AIMAN INAM LONDON: A new study, which was reported in The Lancet, has found that individuals infected with a parasitic worm known as Wuchereria Bancrofti are twofold more liable to catch HIV as compared to people who are not infected with the larva. As per the figures, provided by the World Health Organization, some 90 percent cases of Lymphatic Filariasis have been reported globally. It is a syndrome that is also called Elephantiasis leading people to severe disability and social disgrace. According to an estimate some 120 million people are presently affected predominantly in Asia, Africa, Western Pacific, Parts of the Caribbean and South America. Senior study author from the Medical Centre of University of Munich (LMU) in Germany, Inge Kroidl noted: “W bancrofti worms live in the lymphatic system of patients, often without symptoms, for years. The long disease duration of W bancrofti infection (around 10 years) creates an ongoing immune response, which we suspect might leave infected persons more susceptible to HIV infection.” For carrying out the research, the investigators observed data of 2,699 people in the Kyela locale of Mbeya, southwest Tanzania. They have examined the blood, urine, stool, and sputum samples to evaluate HIV, W bancrofti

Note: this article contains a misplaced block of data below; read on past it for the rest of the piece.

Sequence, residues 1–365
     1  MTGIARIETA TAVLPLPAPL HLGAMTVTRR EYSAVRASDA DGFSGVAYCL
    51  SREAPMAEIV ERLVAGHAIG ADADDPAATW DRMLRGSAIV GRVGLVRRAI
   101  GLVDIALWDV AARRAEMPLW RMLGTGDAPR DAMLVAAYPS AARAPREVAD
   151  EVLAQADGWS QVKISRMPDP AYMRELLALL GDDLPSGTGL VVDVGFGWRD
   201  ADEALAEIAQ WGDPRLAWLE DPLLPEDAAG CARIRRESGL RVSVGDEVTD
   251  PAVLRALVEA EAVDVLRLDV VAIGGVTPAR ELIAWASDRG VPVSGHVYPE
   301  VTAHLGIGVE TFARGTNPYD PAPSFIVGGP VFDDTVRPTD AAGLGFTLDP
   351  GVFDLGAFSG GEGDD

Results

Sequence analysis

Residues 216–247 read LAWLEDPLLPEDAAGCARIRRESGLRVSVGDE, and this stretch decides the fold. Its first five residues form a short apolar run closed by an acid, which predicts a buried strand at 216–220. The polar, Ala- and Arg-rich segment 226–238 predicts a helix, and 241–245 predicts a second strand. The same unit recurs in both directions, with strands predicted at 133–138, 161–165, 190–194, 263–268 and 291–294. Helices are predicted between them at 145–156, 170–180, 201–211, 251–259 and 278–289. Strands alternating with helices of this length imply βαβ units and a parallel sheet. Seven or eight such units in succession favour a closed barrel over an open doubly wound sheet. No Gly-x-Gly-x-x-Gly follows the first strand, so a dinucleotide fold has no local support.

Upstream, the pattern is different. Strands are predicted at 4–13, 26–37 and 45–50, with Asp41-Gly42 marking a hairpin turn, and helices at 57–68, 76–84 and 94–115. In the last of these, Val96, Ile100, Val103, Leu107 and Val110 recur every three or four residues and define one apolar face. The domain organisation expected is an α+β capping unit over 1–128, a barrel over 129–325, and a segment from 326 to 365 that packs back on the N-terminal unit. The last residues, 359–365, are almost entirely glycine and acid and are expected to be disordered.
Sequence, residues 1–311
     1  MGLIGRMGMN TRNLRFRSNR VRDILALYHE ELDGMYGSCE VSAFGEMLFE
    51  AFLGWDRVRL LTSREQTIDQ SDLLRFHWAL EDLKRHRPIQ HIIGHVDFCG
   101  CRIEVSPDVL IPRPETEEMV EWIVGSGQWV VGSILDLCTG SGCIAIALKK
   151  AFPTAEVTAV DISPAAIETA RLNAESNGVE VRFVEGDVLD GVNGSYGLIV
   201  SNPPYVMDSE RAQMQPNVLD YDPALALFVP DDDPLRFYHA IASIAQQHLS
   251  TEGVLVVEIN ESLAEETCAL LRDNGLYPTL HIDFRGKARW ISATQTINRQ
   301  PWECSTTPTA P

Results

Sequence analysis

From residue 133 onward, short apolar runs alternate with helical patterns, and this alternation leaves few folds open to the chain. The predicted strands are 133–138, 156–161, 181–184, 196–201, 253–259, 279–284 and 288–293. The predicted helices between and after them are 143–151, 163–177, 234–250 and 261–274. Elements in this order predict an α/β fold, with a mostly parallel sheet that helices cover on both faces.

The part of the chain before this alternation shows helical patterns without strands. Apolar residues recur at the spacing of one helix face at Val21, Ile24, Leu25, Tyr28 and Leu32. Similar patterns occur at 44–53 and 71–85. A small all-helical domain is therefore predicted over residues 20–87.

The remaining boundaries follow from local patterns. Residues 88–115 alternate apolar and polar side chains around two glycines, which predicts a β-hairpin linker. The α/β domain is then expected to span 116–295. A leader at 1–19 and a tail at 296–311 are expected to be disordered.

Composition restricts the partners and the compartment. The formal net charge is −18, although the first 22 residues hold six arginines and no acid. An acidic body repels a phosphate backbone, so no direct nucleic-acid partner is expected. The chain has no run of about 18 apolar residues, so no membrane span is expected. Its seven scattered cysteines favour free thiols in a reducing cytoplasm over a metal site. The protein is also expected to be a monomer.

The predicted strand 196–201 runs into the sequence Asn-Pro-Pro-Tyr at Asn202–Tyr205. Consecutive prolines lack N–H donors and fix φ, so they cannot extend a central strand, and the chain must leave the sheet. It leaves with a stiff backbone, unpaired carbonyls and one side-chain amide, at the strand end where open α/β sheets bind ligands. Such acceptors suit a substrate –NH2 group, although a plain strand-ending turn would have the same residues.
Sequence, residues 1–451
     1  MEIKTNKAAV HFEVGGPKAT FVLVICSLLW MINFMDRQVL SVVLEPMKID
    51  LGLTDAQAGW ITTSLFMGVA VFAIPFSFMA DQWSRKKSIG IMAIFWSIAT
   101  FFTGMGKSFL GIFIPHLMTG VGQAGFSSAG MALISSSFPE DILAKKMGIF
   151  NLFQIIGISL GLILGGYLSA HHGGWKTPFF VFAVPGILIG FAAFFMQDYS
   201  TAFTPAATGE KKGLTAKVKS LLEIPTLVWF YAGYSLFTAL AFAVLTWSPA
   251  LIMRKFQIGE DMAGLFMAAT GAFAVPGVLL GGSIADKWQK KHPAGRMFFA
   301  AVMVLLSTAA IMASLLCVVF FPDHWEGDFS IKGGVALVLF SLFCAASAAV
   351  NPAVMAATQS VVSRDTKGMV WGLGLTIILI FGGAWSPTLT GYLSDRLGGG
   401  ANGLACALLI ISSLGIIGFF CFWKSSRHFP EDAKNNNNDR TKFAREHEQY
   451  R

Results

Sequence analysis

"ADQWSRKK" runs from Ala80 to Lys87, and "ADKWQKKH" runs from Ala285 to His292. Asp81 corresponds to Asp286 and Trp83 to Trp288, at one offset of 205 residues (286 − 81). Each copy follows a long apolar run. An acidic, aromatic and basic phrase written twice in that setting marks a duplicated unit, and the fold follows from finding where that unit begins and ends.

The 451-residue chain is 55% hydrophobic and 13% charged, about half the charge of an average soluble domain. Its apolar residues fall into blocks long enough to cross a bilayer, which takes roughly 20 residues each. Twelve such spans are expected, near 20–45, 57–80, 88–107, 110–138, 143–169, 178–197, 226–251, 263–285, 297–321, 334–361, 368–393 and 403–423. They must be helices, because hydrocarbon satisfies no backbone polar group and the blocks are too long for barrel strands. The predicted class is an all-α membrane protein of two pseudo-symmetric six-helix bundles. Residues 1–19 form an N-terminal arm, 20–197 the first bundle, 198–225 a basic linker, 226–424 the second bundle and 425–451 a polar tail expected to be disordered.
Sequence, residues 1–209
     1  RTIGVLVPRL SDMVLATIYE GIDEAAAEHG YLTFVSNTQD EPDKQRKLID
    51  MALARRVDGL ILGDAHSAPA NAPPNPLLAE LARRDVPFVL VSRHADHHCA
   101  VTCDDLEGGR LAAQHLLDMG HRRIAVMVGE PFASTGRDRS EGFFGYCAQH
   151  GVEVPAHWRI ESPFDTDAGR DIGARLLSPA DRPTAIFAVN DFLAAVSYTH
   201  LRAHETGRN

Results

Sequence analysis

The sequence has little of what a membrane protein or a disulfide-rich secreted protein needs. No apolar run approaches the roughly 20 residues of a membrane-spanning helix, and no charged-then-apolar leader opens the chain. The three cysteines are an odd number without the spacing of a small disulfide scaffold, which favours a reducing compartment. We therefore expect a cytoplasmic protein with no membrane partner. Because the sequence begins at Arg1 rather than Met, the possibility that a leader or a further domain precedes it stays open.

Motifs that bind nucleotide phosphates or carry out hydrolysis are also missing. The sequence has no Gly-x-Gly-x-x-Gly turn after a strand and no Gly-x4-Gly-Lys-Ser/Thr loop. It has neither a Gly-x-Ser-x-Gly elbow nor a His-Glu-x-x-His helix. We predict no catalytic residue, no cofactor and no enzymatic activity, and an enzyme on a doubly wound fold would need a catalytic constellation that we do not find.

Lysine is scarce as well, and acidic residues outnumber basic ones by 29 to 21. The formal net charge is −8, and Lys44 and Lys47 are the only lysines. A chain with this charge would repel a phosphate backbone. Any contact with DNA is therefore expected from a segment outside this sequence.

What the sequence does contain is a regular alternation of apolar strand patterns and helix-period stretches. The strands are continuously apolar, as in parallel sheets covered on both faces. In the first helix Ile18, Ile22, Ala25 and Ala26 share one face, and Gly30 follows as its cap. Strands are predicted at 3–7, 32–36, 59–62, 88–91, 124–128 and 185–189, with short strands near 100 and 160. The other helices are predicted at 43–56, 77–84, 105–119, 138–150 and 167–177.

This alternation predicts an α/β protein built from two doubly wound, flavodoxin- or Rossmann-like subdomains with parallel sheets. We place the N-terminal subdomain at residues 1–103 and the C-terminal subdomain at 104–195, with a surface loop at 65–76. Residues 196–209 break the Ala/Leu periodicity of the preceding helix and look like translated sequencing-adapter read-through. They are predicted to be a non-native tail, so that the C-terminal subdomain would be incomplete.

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Source: News Pakistan